Stretton-on-Fosse is a small village and parish in Warwickshire adjacent to the border with Gloucestershire, on the fringe of the Cotswold Hills. The vilage has fewer than 200 houses, most built of Cotswold stone or locally made red brick. The population of the civil parish taken at the 2011 census was 439. It is not to be confused with the other Warwickshire village of a similar name, Stretton-under-Fosse.
Two manors are listed in the Domesday Book of 1086, of these only one remains adjoining the imposing Stretton House on the higher ground (400 ft) of the village. Whilst the lower ground of the village is heavy clay the upper parts are composed of sand and shingle. During commercial extraction of sand important graves of the Roman-British and Anglo-Saxon periods were uncovered and interesting skeletons and personal belongings were unearthed.
Until recently the village consisted of several farms, with housing for local residents occupied in cultivation of the land and the trade association of the rural economy, such as, shops, post-office, school, inns, blacksmith, and three religious buildings. However, of these only the church (rebuilt in 1841) and the Plough Inn remain, and are still used for their intended purpose. A new imposing village hall was built in 1990 to replace the post-war wooden hut. There was once a railway line and station, both now gone.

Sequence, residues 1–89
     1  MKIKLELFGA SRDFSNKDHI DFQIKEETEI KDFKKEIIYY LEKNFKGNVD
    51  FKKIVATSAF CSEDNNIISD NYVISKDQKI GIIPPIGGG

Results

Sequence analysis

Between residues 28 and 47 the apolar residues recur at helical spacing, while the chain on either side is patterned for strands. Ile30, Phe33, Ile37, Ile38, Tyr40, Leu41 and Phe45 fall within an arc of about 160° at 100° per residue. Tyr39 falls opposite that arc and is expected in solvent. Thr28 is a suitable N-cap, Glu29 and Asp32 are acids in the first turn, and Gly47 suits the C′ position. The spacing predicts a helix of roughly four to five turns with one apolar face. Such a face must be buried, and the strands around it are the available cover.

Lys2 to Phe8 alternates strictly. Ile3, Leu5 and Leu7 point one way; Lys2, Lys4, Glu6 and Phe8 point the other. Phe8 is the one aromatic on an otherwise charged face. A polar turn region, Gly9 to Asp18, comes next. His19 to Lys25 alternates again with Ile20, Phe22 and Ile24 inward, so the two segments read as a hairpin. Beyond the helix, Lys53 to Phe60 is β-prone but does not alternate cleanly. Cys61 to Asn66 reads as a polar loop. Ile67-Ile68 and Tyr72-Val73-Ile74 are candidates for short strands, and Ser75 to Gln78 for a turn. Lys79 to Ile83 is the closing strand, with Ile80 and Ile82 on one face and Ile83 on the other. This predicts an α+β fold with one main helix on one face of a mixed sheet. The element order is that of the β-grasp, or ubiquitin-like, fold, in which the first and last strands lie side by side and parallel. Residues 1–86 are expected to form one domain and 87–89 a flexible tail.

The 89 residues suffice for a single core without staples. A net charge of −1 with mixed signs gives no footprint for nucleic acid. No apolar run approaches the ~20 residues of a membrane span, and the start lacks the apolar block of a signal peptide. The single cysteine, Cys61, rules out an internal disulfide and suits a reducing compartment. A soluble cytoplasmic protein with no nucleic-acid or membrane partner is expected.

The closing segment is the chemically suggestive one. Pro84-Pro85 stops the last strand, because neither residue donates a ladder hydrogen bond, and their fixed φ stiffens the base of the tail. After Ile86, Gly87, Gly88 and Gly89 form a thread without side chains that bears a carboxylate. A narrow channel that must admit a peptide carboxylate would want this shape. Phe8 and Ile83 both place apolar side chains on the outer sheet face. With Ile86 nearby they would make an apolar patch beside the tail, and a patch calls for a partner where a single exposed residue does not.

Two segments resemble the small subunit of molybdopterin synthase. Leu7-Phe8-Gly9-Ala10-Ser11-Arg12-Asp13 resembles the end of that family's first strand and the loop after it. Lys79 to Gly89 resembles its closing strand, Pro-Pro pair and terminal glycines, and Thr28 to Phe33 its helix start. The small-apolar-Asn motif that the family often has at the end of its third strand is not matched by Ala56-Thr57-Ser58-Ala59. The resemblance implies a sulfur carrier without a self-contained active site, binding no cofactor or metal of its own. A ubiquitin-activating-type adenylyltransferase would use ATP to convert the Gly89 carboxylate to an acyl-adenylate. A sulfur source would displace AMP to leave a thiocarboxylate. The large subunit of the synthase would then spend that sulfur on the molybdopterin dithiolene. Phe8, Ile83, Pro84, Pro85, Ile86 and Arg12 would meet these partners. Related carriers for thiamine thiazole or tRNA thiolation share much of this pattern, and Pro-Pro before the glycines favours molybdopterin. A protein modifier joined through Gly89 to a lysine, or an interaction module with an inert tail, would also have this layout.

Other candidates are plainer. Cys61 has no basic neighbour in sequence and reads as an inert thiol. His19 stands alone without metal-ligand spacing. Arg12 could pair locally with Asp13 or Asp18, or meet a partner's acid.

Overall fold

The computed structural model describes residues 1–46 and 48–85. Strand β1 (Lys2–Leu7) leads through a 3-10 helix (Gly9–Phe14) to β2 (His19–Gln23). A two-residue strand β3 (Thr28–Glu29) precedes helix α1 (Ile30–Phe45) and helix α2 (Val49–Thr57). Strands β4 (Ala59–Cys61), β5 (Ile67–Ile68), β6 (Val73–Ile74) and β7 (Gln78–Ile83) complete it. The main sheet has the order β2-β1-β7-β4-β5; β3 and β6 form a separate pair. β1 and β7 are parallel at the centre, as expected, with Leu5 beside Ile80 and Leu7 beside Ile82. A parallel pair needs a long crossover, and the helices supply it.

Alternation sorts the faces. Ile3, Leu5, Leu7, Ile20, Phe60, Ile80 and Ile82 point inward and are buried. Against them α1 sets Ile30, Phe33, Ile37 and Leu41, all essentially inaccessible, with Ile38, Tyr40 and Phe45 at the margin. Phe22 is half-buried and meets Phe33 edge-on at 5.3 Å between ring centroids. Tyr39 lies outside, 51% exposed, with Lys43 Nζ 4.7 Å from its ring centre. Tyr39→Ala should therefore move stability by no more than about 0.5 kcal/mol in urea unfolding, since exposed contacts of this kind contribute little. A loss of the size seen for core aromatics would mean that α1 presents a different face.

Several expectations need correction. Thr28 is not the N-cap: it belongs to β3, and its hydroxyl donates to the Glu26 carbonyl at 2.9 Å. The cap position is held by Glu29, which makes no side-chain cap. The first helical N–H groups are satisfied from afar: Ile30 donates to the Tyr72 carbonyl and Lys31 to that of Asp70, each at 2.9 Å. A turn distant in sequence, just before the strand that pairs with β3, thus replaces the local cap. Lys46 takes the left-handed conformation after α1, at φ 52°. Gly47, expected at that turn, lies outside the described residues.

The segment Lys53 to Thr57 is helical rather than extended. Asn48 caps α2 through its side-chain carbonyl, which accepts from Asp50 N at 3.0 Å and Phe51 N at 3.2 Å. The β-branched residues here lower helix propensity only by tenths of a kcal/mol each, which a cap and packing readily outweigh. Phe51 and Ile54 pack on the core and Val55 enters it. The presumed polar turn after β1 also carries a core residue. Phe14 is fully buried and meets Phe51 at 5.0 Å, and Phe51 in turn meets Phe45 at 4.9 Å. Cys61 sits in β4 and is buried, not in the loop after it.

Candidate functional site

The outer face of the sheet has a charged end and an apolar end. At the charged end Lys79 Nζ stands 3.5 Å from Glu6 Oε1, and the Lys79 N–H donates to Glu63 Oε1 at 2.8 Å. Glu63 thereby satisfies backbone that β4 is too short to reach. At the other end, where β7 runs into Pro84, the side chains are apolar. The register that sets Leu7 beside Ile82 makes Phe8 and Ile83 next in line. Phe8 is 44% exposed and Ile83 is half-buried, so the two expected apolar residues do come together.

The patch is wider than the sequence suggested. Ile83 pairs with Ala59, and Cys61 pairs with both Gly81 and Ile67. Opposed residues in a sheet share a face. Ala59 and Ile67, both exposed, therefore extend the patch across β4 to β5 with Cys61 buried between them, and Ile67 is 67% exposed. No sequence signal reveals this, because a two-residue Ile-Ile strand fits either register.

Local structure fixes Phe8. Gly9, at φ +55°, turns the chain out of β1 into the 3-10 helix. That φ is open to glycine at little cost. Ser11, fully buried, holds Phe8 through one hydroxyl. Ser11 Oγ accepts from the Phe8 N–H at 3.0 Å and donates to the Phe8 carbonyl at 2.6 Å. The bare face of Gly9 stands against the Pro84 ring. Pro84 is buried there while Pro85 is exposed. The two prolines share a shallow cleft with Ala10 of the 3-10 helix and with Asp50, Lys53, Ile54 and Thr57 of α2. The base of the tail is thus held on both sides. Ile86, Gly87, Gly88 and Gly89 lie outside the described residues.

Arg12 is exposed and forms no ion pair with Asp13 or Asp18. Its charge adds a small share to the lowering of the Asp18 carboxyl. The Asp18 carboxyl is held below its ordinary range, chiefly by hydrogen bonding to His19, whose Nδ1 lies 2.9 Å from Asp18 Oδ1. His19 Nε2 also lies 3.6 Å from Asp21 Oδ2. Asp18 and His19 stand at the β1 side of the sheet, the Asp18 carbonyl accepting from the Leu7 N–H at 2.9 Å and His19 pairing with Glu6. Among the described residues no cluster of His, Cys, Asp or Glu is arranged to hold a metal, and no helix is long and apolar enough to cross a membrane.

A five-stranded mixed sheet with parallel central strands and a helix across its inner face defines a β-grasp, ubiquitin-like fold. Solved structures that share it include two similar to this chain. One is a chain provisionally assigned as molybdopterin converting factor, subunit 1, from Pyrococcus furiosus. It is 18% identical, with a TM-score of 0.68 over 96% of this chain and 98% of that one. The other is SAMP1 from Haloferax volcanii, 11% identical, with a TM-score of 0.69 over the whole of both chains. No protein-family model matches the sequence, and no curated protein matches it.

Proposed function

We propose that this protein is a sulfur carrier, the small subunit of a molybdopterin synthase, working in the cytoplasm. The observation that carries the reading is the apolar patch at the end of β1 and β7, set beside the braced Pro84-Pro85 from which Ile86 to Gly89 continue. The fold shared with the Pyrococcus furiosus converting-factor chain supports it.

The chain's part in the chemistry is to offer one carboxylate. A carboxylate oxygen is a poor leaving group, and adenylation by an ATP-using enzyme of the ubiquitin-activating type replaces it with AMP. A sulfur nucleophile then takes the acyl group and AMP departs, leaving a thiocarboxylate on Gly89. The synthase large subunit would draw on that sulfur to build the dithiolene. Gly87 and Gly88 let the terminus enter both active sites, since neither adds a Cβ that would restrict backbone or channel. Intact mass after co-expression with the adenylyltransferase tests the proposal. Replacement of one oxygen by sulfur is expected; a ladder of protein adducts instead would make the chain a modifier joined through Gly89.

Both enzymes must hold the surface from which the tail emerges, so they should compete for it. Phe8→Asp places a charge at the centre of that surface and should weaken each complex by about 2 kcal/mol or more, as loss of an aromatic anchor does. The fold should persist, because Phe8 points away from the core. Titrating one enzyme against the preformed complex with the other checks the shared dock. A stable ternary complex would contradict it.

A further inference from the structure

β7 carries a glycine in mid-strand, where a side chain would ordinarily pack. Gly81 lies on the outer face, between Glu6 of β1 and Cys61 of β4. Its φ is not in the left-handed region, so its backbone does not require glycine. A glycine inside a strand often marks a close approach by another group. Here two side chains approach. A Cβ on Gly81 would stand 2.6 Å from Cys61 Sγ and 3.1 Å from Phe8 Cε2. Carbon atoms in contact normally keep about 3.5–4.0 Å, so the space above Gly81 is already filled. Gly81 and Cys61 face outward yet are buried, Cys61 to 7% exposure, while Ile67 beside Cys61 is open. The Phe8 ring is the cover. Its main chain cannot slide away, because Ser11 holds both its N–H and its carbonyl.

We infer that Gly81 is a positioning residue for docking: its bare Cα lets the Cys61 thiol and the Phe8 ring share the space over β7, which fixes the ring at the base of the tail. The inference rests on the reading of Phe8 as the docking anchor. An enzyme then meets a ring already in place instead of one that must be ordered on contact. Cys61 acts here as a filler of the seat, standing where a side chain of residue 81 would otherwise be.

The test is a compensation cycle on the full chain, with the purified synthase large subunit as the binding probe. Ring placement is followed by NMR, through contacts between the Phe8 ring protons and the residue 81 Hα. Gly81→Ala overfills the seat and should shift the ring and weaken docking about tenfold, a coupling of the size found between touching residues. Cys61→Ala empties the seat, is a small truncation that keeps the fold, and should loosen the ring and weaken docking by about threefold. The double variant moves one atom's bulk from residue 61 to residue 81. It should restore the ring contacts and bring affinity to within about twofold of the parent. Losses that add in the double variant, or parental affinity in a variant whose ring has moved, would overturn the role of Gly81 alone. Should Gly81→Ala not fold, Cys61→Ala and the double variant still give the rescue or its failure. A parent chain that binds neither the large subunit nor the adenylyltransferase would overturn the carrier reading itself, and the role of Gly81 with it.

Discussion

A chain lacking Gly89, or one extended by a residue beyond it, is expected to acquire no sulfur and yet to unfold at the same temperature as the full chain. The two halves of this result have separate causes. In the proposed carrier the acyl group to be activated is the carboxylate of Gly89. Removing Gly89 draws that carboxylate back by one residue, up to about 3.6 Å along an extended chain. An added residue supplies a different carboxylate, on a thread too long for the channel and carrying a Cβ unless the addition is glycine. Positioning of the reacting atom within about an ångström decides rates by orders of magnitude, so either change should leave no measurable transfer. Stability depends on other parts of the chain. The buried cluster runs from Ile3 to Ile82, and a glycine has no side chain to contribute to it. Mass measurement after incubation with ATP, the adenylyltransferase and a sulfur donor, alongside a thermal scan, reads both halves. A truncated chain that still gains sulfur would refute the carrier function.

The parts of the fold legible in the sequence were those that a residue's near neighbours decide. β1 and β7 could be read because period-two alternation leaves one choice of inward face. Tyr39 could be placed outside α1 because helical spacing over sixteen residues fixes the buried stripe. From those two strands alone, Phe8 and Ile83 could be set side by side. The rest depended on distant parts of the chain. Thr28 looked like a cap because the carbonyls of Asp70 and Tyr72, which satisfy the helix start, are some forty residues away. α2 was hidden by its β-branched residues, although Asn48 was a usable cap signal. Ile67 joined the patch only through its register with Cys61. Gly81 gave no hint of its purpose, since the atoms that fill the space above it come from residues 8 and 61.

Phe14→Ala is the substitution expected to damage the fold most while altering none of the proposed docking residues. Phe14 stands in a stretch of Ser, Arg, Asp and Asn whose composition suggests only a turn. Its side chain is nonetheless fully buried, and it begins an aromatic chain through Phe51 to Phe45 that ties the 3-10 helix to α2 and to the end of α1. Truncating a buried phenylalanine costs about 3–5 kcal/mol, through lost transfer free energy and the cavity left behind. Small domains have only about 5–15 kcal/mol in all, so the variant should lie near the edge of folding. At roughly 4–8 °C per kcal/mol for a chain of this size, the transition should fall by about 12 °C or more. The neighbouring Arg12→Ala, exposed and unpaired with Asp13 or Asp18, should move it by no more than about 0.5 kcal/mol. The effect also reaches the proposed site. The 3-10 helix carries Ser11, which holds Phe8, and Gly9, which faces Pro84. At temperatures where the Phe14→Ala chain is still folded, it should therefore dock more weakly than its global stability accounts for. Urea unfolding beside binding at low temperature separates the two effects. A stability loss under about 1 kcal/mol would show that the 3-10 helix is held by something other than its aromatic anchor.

The largely deserted mediæval village of Ditchford Frary is also part of the civil parish; the church, which has become ruinous, was annexed to Stretton in 1641.
In 1826 the Stratford and Moreton Tramway, with horse-drawn trucks and carriages, was opened for carrying coal and passengers from Stratford-upon-Avon to Moreton-in-Marsh, and it passed through the village. At a later period a branch line was constructed to Shipston-on-Stour which was used for passengers until 1929 and goods until 1960.
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- Location map: 52°2’38"N, 1°40’41"W